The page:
On the 25 July 2018, the Court of Justice of the European Union (the CJEU) handed down its judgement in Teva v Gilead (C-121/17) on the topic of the interpretation of Article 3(a) of the regulation for supplementary protection certificates for medicinal products (the SPC Regulation). The interpretation of this article has been the subject of a number of referrals to the CJEU, with referrals pending form the German Federal Patent Court in the Sitagliptin case (C-651/17) and from the UK Court of Appeal in Sandoz v Searle (C‑114/18).
The case concerned Gilead’s SPC for their antiviral medicinal product marketed under the name TRUVADA®. The medicinal product contains a mixture of two active ingredients: tenofovir disoproxil (TD) and emtricitabine.
Gilead is the proprietor of EP (UK) 0 915 894 (the basic patent) which discloses and claims TD and combinations of TD with “other therapeutic ingredients”. Gilead obtained a SPC based on the basic patent to extend patent protection for TRUVADA®. The SPC relates to “a composition containing TD, optionally in the form of a pharmaceutically acceptable salt, hydrate, tautomer, or solvate, together with Emtricitabine”.
Article 3(a) of the SPC Regulation specifies that a SPC can only be granted if the product is “protected by a basic patent in force”. The UK High Court concluded that the test to be applied in order to determine whether this requirement is satisfied remained unclear and referred the following question to the CJEU:
“What are the criteria for deciding whether ‘the product is protected by a basic patent in force’ in Article 3(a) of the SPC Regulation?”
Referring to the CJEU’s decision in Medeva (C-322/10), Teva argued that Gilead’s SPC did not meet the condition laid down in the SPC Regulation as emtricitabine is not specified in the relevant claim of the basic patent and that the expression “other therapeutic ingredients” does not specify any active ingredient. On that basis, they argued that the TD/emtricitabine combination could not be considered to be “protected by a basic patent in force”.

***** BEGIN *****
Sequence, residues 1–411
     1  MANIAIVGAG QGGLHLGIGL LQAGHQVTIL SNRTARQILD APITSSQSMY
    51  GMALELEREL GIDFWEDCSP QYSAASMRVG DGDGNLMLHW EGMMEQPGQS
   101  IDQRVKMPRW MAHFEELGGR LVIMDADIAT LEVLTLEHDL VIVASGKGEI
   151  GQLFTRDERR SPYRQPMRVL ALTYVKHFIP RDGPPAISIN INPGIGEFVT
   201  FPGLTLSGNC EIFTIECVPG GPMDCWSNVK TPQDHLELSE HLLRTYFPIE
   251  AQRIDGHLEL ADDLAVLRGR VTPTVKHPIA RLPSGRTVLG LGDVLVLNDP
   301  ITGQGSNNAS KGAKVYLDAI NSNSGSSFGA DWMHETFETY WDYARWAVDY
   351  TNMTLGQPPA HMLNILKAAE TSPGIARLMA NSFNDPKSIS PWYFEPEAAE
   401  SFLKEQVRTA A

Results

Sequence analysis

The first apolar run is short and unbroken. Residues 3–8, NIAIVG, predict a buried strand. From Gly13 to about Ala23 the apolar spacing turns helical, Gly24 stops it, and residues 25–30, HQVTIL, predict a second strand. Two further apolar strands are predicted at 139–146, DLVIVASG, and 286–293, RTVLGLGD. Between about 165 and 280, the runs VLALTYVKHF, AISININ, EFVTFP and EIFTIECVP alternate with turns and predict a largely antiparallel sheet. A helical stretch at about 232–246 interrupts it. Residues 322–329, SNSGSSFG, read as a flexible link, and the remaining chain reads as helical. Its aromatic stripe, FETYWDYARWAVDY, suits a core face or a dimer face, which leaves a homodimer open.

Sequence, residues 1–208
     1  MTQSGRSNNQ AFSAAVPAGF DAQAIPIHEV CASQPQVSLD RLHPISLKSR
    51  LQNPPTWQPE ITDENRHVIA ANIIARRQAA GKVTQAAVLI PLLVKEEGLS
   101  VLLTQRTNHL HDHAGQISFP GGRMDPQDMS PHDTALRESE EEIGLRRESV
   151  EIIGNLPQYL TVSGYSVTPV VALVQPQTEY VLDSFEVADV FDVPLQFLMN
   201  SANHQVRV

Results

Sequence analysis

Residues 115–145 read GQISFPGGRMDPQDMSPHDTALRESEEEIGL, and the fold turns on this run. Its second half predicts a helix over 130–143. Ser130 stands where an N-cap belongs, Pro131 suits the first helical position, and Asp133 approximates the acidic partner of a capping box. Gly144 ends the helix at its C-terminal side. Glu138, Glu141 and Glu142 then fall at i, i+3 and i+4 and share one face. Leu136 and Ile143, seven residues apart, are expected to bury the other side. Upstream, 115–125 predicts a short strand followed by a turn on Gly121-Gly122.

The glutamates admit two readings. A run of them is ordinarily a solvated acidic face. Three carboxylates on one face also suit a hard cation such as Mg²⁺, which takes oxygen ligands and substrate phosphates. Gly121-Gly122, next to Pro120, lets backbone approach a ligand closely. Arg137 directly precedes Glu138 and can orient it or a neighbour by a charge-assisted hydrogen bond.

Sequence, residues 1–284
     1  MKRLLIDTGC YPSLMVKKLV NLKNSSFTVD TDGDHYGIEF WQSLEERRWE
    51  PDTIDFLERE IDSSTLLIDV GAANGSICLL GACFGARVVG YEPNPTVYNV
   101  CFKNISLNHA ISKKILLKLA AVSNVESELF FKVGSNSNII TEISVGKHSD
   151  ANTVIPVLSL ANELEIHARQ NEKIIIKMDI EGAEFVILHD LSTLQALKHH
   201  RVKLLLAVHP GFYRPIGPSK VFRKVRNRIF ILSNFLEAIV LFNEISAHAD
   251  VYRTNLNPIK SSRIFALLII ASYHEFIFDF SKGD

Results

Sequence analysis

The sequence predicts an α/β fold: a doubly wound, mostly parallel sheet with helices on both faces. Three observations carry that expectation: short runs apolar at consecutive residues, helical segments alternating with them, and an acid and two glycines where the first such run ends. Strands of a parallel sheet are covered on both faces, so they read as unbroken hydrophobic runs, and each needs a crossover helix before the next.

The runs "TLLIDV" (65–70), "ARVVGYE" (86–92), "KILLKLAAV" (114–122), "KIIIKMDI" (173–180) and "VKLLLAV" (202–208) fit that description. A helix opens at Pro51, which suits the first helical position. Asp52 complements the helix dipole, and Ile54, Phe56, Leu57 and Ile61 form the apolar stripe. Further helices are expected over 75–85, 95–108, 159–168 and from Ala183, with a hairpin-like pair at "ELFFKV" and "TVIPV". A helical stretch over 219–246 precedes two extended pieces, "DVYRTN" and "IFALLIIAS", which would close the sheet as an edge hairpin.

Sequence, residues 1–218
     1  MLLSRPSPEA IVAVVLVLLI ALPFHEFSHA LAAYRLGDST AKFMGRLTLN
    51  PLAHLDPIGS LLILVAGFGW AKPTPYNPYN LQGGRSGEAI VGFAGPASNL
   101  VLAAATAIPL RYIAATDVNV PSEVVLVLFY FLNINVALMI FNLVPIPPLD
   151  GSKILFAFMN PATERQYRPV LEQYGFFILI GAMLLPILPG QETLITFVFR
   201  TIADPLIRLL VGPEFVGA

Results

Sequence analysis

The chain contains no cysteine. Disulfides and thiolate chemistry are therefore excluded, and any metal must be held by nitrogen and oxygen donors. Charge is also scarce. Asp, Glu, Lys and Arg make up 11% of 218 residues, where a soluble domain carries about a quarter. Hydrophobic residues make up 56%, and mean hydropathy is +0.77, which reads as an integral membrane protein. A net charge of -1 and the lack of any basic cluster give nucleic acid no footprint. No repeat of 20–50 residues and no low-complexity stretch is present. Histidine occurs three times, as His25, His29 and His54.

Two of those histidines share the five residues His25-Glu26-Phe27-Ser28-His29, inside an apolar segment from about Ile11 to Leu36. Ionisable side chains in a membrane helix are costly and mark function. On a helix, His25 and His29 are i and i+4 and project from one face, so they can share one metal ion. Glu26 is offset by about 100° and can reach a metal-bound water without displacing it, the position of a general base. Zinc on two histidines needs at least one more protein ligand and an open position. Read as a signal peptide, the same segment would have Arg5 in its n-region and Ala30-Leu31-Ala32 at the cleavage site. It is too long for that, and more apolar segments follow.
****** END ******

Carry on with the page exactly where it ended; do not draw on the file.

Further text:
Gilead argued that in order to check whether Article 3(a) of the SPC Regulation was satisfied, it was necessary and sufficient that the product in question fell within the extent of the protection conferred under at least one claim of the basic patent and that the expression “other therapeutic ingredients” in the claims of the basic patent related “implicitly but necessarily” to emtricitabine, in accordance with Eli Lilly & Company (C-493/12).
The CJEU’s decision is broadly in line with its previous case law on this issue. It confirmed that Article 3(a) of the SPC Regulation must be interpreted as meaning that a product composed of several active ingredients with a combined effect is “protected by a basic patent in force” where, even if the active ingredients are not expressly mentioned in the claims of the basic patent, those claims relate necessarily and specifically to that combination. The CJEU has formulated a two-stage test for determining whether claims satisfy this criteria:
“For that purpose, from the point of view of a person skilled in the art and on the basis of the prior art at the filing date or priority date of the basic patent:
– the combination of those active ingredients must necessarily, in the light of the description and drawings of that patent, fall under the invention covered by that patent, and
– each of those active ingredients must be specifically identifiable, in the light of all the information disclosed by that patent."
The wording of the CJEU’s decision suggests that Gilead’s SPC does not satisfy Article 3(a) of the SPC Regulation as it does not seem possible that the person skilled in the art would understand that the TD/emtricitabine combination product necessarily falls under the invention covered by the patent. However, it will now be up to the UK High Court to apply the two-stage test set out above.
Although this decision provides some further clarification on the interpretation of Article 3(a) of the SPC Regulation, it does not provide the clarity and certainty that the industry requires. Hopefully, the pending referrals in Sitagliptin and Sandoz v Searle will shed further light on the matter.